I did the impossible this week. I did a backbend.
Maybe you know me well and would agree that this is impossible to imagine. Or maybe you don't know me as well and think that a backbend hardly constitutes a significant achievement.
Either way, it was a moment I'll never forget, and it's no exaggeration to say that it changed my life.
I was wandering around the playground at recess earlier this week when I saw some students, including a pair of twin sisters, doing backbends.
From a standing position, they bent all the way down and all the way back up.
I joked with them that a backbend was no big deal and I could do one whenever I wanted. When they challenged me to do one, I came clean and admitted I had never done a backbend in my life and never would.
That was all these girls needed to hear. In an instant, they were surrounding me and encouraging me to try. I laughed again, assuring them that I was not built to perform a backbend, but they persisted, insisting I try. Eventually I agreed to attempt the first step - raise my hands over my head and look backwards - thinking this would placate them.
Instead, it emboldened them. Through a level of persistent positivity and a torrent of encouragement that I have honestly never experienced before in my life, they continued to insist that I try. They did not harass or taunt or tease. They simply expressed an unwavering conviction that if I tried, I would succeed.
I fell. They helped me up. I fell again. They spotted me, two girls on each side, wisely fleeing when I started to collapse. One girl took an elbow to the head and shook it off like it was nothing. Over the course of 15 minutes, I went from a man who would never do a backbend in his life to a man trying like hell to do a backbend because the positivity and encouragement of these girls had pierced my belief that this was impossible.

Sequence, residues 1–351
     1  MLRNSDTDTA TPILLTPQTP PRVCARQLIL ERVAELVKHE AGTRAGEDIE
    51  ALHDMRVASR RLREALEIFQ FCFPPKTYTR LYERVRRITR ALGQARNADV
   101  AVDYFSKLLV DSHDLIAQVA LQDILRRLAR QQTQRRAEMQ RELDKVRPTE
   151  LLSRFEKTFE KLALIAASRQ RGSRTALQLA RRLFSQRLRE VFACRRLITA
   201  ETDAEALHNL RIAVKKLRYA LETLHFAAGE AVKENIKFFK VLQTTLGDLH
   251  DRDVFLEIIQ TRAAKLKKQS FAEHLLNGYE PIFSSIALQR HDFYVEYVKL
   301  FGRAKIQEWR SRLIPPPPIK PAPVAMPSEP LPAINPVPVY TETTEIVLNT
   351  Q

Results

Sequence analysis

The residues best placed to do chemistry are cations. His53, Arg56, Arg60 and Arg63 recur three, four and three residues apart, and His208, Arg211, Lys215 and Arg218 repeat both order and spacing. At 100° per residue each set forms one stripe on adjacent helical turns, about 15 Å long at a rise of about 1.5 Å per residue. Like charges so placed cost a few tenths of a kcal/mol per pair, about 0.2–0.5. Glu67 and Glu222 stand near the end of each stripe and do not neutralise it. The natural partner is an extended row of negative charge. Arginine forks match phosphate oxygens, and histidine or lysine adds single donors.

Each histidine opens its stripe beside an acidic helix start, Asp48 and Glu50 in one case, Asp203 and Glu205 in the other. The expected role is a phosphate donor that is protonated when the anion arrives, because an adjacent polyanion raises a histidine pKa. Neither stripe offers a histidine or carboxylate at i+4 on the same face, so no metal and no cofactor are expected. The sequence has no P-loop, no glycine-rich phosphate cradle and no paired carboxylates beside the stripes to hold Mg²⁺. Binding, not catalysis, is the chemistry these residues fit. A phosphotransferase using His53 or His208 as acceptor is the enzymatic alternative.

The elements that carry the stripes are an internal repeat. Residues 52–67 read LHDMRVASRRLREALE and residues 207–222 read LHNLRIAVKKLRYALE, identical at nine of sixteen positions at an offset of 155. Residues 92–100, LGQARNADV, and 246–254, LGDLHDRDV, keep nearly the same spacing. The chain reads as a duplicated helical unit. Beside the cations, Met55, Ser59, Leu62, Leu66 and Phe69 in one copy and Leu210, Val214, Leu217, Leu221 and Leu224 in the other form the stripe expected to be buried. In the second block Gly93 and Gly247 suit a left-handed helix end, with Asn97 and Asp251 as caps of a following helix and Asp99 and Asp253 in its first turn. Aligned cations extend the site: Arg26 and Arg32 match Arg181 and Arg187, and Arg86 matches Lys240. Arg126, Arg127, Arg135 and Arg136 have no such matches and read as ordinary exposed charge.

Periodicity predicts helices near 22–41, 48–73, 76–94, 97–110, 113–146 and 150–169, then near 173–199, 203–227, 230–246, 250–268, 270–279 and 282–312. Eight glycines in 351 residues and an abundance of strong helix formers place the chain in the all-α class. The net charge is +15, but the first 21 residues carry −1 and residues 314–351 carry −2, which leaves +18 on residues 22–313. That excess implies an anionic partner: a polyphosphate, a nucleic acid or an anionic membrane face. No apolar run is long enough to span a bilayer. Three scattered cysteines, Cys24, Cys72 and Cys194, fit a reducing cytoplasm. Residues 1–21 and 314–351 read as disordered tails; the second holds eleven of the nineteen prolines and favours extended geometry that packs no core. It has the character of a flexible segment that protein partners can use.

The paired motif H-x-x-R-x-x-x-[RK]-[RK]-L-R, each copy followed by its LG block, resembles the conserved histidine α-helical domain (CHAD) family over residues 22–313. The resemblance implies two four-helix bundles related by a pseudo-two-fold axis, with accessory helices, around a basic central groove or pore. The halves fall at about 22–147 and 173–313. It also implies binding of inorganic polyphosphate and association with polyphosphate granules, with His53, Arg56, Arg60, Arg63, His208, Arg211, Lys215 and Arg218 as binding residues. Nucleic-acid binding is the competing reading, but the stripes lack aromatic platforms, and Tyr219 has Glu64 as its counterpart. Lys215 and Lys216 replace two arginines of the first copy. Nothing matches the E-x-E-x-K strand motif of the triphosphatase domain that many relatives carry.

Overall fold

They had turned me into a believer.
Then I did it. Starting from a standing position, I reached back and continued bending until my feet were on the ground and my hands touched the ground behind me.
I couldn't believe it. I had done something that I had thought impossible just minutes before. I had thought it impossible for my entire life.
I've been walking on air ever since.
I know. It doesn't seem like much. And I've certainly done difficult and even seemingly impossible things before.
I managed a McDonald's restaurant full time while simultaneously attending college full time, (earning degrees at two different schools and finishing near the top of my class), launching a business, working part time in the school's writing center, serving in school government, and writing for the school newspaper.
Honestly, I don't know how I did it. I was just so happy to be off the streets and making my dreams come true that I would've done anything to succeed. The work seemed like nothing compared to all that had preceded it.
Even more impossible, I somehow convinced Elysha Dicks to love and marry me. And to keep on loving me more than a decade later. A woman who I desperately admired from afar but never dreamed of dating somehow agreed to spend the rest of her life with me.
Compared to those achievements, a backbend might not seem like so big a deal, but you would be wrong. The actual backbend might not be as momentous as my other accomplishments, but the way I had been transformed from a nonbeliever to a believer through relentless support and endless positivity was astonishing to me.
The way those girls encouraged me was inspiring.
They had gotten me to do something that I never thought possible. That many people thought impossible.
I'm never going to forget that moment in the grass beside the tree. I walked away thinking about all the other possibilities that I had closed off from my life, wondering what other impossibilities I need to tackle.
I did a backbend under a tree on a spring day, and now I feel like my potential is boundless.